How long does a toothbrush last? Or razors? Thrifty homeowners may try to push the expiration dates of some bathroom items, but squeezing out those extra few months usually offers diminishing returns. This small, humid space tends to suffer from poor ventilation, which means odors, wetness, and grime linger longer.
The result? Over time, many of the items within will degrade and take on bacteria.
“This is especially true of bathroom things that aren’t allowed to dry out all the way,” explains Sarah Hollenbeck, a housewares expert at Offers.com. Mold and mildew may sprout—and could be transferred to your hands and face (eww!).
Embrace the new! Replace the following items in your bathroom before they expire.
How long does a toothbrush last?
Life span: Three months
You might get a free brush from the hygienist, but this vital item needs replacing more frequently than just after each dental visit.
“The American Dental Association recommends changing it four times a year, but do it more often if the bristles look bent or you’ve been sick,” points out Hollenbeck.
To make it last longer: Rinse well after each use to remove saliva and toothpaste residue. And don’t scrub with all your might—you’re just hurting your gums, and the added oomph wears down the bristles.
How long does a shower curtain liner last?
Life span: Three to four months
Frankly, this cheapo item isn’t worth keeping for long. “When you see mold and mildew, pitch it,” urges Jennifer Snyder, a certified professional organizer at Neat as a Pin.
To make it last longer: If you don’t want to shell out for a new one this frequently or you’re cutting back on your environmental impact, give it a wash, says Hollenbeck.
“Toss the liner in medium hot water, add a few towels—they’ll help scrub off stuck-on dirt—and then set the cycle to gentle and hang to dry.”
How long do towels last?
Life span: Five to 10 years
The higher your towel quality, the longer it’ll keep you dry—within reason. Once you see holes and tears, cut towels into small pieces and use them for polishing and dusting.
To make it last longer: Since most homeowners have more than a couple of bath towels, rotate evenly between sets for a longer life span. And watch it with the fabric softener (use it every other load).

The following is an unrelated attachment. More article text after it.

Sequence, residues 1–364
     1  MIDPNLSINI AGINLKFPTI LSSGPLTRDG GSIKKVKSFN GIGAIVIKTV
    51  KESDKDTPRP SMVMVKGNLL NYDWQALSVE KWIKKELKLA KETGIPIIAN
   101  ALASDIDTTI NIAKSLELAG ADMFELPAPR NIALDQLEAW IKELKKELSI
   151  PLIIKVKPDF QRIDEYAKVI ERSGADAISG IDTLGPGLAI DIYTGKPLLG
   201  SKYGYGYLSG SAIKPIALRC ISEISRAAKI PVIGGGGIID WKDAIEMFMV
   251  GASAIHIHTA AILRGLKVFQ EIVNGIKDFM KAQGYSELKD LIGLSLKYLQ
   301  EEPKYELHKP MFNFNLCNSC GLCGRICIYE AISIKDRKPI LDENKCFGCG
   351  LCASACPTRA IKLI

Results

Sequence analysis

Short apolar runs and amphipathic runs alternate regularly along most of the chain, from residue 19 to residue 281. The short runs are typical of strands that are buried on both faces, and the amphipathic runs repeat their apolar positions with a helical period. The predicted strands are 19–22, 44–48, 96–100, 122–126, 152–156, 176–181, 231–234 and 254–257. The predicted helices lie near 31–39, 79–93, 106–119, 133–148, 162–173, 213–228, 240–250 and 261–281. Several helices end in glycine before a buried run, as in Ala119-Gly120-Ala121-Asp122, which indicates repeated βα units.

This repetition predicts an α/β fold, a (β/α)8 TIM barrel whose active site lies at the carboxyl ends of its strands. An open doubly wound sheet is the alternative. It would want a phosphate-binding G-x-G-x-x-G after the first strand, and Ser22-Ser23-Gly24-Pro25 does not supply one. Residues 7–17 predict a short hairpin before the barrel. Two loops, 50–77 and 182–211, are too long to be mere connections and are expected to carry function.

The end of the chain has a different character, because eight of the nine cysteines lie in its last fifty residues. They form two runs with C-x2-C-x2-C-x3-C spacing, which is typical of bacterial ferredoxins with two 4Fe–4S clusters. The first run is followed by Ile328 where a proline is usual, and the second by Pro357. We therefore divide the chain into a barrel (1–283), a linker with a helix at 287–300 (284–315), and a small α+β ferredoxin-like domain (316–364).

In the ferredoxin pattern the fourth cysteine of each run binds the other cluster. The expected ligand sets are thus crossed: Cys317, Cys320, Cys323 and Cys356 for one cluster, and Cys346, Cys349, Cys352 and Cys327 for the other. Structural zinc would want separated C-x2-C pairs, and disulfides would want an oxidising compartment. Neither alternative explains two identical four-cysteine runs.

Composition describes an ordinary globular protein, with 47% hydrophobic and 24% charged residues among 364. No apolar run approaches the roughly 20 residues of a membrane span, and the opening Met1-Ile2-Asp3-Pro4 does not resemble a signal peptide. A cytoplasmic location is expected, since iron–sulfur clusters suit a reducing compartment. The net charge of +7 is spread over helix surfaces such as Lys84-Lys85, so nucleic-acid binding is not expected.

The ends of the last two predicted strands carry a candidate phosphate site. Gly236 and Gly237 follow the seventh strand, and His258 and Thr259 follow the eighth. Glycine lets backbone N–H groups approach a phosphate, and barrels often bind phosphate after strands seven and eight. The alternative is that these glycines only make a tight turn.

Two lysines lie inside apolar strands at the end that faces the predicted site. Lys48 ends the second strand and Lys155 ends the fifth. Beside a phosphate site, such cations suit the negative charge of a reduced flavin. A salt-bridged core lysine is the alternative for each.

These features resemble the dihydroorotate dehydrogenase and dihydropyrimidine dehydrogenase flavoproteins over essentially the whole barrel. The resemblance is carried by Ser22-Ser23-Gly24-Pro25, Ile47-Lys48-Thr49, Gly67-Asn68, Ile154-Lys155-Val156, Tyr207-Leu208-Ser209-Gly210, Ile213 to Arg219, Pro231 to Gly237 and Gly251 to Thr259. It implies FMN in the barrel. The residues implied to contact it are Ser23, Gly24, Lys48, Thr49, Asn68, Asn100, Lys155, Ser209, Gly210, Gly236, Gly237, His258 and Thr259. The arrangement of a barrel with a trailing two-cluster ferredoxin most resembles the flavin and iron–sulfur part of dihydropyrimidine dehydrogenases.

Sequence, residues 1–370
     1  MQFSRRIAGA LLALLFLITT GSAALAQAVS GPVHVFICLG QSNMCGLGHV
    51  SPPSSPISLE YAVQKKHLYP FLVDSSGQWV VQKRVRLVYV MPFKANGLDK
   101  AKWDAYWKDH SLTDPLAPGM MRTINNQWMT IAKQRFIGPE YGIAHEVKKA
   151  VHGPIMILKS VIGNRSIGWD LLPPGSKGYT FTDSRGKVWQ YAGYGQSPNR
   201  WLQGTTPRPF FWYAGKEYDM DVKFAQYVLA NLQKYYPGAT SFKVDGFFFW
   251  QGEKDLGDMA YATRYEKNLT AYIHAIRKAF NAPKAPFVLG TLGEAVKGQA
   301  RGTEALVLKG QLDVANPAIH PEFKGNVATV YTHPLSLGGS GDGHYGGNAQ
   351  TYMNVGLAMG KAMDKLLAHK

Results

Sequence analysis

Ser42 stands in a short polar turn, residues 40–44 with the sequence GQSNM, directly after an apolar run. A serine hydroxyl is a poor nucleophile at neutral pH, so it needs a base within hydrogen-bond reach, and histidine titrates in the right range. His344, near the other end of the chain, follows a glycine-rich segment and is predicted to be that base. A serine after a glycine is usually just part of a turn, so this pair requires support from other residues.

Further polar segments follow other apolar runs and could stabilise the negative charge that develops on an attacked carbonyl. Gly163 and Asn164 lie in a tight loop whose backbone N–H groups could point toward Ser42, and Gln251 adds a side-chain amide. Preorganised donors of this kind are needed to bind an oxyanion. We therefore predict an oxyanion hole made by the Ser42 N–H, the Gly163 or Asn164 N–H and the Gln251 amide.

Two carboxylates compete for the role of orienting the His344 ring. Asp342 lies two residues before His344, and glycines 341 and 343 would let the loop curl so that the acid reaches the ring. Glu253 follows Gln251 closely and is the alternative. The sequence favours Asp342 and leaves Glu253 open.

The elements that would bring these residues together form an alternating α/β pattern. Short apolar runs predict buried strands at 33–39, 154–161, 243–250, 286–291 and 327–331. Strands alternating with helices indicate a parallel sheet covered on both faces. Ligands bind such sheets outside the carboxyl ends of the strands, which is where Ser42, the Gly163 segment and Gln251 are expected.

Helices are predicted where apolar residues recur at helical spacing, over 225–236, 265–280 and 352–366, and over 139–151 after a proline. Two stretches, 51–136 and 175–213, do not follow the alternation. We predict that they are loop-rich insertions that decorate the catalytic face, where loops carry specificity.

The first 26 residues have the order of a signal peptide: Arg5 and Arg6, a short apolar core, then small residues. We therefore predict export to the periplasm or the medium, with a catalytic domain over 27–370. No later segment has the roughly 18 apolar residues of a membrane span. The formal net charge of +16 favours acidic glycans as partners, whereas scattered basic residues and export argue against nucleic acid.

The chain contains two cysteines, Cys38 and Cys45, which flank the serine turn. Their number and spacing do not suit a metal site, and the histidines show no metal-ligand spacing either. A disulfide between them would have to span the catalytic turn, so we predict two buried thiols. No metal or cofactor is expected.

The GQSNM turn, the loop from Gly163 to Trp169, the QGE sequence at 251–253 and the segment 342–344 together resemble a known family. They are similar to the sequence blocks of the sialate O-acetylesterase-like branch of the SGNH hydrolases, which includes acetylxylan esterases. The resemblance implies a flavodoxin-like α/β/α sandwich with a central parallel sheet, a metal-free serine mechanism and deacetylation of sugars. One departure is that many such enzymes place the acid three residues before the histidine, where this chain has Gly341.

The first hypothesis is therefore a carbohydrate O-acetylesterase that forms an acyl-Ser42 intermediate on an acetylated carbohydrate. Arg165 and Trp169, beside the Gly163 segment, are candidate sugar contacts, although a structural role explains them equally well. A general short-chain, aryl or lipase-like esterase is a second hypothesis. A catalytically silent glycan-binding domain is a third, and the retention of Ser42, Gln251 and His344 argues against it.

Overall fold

“Bath towels washed with softener become less effective over time as it coats the fibers and prevents absorption,” says Jamie Novak, author of “Keep This Toss That.”
How long do razors last?
Life span: Two weeks or five shaves, whichever comes first
Don’t mess with a dull blade, warn the pros, or you’ll be at risk for cuts and nicks. “Replace this item by its expiration date—even if it looks fine,” urges Novak.
To make it last longer: Carefully dry the blade and keep it out of the wet shower or tub when not in use. Moisture can cause bacteria to breed on razors, so store them in the medicine cabinet.
How long do sponges last?
Life span: Two weeks for cleaning sponges, one month for loofahs
It may sound crazy to swap it this much, but sponges do dirty work and they need early retirement.
“Even if you try some disinfecting methods, a bathroom sponge can still cause cross-contamination from counters to the shower and back again,” notes Novak. And keep track of when you bought that loofah (it’s like a household sponge for your body).
To make it last longer: A dry sponge is less likely to hold bacteria. Let it air out completely after each use.
How long does a scale last?
Life span: Five to 10 years
A quality bathroom scale should last many years, especially if you handle it with care (daily stomping can strain it). Moisture in the bathroom can corrode the battery case and the electrical panel.
To make it last longer: Calibrate your scale according to the instructions, and remove the batteries if you don’t plan on using it for a while—they can leak. You could also store this item in the bedroom, away from the bath’s heat and humidity, but be sure to place it on an even surface (no carpet) for best results.
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